Blackhawks' Joel Quenneville: Trevor van Riemsdyk close to return

Blackhawks' Joel Quenneville: Trevor van Riemsdyk close to return
Chicago Blackhawks CoachJoel Quenneville speaks during a news conference in Tampa, Fla., on Tuesday. (Chris O'Meara / Associated Press)

Blackhawks Coach Joel Quenneville usually is cautious with rookies, but he has been vocal about his approval of how cleverly defenseman Trevor van Riemsdyk used his skills before the 23-year-old New Jersey native fractured his kneecap in November and underwent wrist surgery in early April.

Quenneville is so impressed with Van Riemsdyk — and maybe so little impressed with his fifth and sixth defensemen — that he said Wednesday there's a "very good chance" Van Riemsdyk will play against the Tampa Bay Lightning sometime during the Stanley Cup Final, which begins Wednesday night at Amalie Arena.


Quenneville, speaking after his team's morning skate, said Van Riemsdyk wouldn't play Wednesday but was "real close" to being a consideration. Quenneville has given heavy minutes to his top four — Duncan Keith (31:35), Niklas Hjalmarsson (26:33), Brent Seabrook (26:21) and Johnny Oduya (25:23) — because there's a steep dropoff after that quartet. Kimmo Timonen, 40, had so much trouble keeping up against the Ducks in the Western Conference final that Quenneville removed him from the lineup; Kyle Cumiskey has averaged 11:14 over six games and David Rundblad has averaged 7:25 over three games. Van Riemsdyk apparently is a more appealing option than restoring Timonen.

"We saw first-hand what he was able to do when he came into training camp. Surprised us all how well he played, how effective and efficient he is," Quenneville said. "We've been skating him in practice every day. One of his strengths is his reads, [he's] positionally aware, decision-making with the puck. He's got a lot of attributes that can help our team.

"I think he came onto the scene rather fast for us. I think we have a lot of confidence and trust in him."

Quenneville also said he hadn't decided whether to keep center Jonathan Toews and right wing Patrick Kane together, as they were during the final two games against the Ducks. But it's reasonable to expect he will do that, because the duo was so successful. Kane had a goal and five points in those two games and Toews had two goals.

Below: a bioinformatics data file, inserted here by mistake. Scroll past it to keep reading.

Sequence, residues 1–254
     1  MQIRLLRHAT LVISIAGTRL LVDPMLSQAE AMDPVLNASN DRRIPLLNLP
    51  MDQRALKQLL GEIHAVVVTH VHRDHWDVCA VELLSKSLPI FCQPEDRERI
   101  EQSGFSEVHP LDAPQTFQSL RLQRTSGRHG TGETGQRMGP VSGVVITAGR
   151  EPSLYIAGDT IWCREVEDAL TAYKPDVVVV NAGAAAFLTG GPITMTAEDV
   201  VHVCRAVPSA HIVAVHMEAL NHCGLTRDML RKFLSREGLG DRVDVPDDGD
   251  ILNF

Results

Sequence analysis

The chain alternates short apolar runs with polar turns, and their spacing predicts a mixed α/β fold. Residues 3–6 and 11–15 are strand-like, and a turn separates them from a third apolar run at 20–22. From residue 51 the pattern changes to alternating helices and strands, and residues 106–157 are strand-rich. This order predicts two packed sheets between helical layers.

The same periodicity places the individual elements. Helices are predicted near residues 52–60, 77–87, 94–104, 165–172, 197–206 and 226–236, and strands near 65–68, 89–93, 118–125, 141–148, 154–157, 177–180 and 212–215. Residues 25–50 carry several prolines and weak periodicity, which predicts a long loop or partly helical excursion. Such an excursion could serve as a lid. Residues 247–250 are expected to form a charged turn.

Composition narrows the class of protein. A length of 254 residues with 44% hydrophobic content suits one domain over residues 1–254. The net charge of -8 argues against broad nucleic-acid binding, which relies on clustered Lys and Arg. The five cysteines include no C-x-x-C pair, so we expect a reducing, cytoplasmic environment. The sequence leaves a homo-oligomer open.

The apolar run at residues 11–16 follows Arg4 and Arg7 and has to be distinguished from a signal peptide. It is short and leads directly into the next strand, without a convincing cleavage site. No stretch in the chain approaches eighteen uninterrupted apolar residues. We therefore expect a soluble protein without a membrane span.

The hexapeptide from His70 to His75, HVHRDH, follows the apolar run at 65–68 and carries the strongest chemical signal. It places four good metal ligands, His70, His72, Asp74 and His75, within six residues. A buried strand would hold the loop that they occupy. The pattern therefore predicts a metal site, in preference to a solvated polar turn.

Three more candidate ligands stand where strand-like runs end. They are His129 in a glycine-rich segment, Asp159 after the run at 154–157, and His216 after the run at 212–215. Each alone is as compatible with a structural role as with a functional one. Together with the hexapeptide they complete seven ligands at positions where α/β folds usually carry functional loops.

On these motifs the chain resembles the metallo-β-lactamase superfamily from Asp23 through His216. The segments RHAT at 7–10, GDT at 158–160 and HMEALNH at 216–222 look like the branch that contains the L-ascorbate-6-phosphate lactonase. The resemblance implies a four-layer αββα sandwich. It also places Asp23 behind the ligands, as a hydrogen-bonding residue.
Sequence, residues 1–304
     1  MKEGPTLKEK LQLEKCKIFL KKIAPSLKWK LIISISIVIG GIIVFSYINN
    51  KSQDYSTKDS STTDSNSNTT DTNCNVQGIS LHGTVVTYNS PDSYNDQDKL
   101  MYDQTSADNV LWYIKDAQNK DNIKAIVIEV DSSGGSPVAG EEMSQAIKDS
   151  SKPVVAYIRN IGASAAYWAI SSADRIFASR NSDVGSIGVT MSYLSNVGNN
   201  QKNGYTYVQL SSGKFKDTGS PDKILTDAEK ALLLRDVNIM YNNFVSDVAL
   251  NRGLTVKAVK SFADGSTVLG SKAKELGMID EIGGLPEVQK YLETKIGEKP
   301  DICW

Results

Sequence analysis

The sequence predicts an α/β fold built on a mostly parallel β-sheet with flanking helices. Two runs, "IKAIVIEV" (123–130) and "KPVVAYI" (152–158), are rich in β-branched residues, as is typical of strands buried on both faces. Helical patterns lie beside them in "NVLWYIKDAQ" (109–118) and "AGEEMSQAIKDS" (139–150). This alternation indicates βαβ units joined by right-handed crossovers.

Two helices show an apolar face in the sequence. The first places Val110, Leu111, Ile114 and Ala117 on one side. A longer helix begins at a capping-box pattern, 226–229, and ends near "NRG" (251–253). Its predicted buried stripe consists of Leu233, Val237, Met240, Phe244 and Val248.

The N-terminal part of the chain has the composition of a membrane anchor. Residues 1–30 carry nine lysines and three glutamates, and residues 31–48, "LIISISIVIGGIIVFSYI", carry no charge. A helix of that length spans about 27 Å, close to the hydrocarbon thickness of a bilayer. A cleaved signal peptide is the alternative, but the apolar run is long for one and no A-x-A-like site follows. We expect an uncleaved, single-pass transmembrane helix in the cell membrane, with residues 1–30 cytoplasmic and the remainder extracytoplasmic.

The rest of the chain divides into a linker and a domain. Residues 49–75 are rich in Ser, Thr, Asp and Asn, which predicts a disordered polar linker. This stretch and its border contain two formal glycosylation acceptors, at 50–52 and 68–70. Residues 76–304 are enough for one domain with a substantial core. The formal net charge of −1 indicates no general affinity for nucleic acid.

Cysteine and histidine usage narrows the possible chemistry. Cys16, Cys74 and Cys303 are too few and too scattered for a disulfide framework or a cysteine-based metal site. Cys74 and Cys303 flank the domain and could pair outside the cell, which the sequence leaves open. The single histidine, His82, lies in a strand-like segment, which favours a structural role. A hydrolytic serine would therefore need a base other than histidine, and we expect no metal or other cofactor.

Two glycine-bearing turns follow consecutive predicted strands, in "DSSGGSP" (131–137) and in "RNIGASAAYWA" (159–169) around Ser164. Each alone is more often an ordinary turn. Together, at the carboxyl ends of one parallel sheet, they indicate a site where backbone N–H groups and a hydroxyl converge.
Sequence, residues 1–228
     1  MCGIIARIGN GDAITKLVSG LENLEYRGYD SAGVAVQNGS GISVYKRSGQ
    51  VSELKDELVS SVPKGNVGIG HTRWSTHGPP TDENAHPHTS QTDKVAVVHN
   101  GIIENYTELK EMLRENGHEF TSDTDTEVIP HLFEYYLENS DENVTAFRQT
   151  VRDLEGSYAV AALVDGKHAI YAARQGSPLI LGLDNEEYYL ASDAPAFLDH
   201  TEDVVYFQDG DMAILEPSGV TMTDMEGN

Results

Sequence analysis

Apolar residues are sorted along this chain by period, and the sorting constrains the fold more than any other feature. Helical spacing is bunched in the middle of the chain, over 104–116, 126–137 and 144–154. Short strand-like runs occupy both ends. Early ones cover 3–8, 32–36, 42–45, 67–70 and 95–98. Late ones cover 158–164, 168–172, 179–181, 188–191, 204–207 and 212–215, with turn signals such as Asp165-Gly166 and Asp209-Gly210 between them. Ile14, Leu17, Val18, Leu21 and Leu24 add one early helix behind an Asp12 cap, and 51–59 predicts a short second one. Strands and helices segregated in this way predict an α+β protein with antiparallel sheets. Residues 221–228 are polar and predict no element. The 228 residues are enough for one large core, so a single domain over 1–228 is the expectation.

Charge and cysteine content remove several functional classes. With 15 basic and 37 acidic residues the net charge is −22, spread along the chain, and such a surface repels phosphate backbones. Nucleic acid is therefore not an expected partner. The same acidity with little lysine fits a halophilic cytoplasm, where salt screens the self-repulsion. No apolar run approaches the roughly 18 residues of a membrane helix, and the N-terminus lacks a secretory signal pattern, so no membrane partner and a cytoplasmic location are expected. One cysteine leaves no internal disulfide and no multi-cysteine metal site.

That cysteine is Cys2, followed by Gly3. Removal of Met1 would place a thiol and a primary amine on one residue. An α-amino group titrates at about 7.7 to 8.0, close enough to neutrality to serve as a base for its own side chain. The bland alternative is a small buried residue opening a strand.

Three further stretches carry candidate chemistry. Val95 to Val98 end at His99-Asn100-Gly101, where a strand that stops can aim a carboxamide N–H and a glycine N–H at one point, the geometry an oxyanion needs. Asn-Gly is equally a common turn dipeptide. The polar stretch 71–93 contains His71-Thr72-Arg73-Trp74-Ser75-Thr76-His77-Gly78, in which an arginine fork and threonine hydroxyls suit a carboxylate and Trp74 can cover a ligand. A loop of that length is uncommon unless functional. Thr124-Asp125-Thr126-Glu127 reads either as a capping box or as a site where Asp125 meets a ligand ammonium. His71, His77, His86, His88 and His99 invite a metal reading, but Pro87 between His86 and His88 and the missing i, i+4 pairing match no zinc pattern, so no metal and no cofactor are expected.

"Tough to forecast long-term on that. Last two games, they were so good together, it's tough to get them apart now," Quenneville said. "We'll see how the game goes matchup-wise. Certainly have some balance if you get them apart. Together, pretty dynamic the last two games. We'll visit that, how the games are going, how the matchup is."

The matchups could be complicated by the fact the Lightning usually deploys 11 forwards and seven defensemen rather than 12 forwards and six defensemen. But Blackhawks forward Andrew Shaw said he's confident his team can adjust as needed.

"It just means you've got to try to wear down more defensemen and make sure we're getting pucks behind them to tire them out," he said. "And for the 11 forwards, it's going to be tough. Those guys are going to be double-shifted and you've got to play hard on them, as well."

Chicago center Brad Richards — who won the Stanley Cup with Tampa Bay in 2004 and won the Conn Smythe trophy as the most valuable player in the playoffs — said the Lightning might pose a slightly different challenge than the Blackhawks have faced against Nashville, Minnesota and the Ducks.

"We've played some good teams. It's tough to get out of our division," he said. "Nashville, it's a while ago, but that was a really tough series. Triple-overtime, double-overtime wins. That was really fast. Anaheim was really fast. I think we've played some fast teams. I know this team is fast so I think we're ready. Our team likes to play fast, too, so I think we're ready for that.

"I don't think, the natural ability to score, we've seen, where they can turn something into nothing, I don't think we've seen that in the playoffs. Or we've done a good job shutting it down. Hopefully it's the latter and we can do that here."

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